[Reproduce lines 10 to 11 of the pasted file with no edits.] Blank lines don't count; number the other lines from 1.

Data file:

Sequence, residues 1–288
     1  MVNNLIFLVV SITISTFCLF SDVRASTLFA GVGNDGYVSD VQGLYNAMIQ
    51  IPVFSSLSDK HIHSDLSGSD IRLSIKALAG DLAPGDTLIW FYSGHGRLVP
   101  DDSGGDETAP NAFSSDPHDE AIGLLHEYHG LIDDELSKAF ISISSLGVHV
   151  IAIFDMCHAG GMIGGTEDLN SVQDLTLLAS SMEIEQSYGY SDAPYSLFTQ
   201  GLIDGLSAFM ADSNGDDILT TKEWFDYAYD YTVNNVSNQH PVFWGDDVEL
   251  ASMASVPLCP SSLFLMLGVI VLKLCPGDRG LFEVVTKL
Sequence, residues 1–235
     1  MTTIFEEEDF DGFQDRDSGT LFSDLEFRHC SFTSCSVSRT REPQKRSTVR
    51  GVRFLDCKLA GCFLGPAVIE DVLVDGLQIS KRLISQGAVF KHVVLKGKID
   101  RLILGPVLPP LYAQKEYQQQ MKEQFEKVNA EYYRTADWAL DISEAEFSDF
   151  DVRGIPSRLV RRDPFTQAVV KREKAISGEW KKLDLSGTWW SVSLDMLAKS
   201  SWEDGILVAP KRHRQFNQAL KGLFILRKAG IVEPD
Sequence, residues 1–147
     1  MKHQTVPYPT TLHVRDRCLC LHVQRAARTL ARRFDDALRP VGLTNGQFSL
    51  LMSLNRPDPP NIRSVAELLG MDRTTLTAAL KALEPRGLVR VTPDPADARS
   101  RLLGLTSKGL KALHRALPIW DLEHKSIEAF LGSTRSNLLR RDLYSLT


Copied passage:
    51  GVRFLDCKLA GCFLGPAVIE DVLVDGLQIS KRLISQGAVF KHVVLKGKID
   101  RLILGPVLPP LYAQKEYQQQ MKEQFEKVNA EYYRTADWAL DISEAEFSDF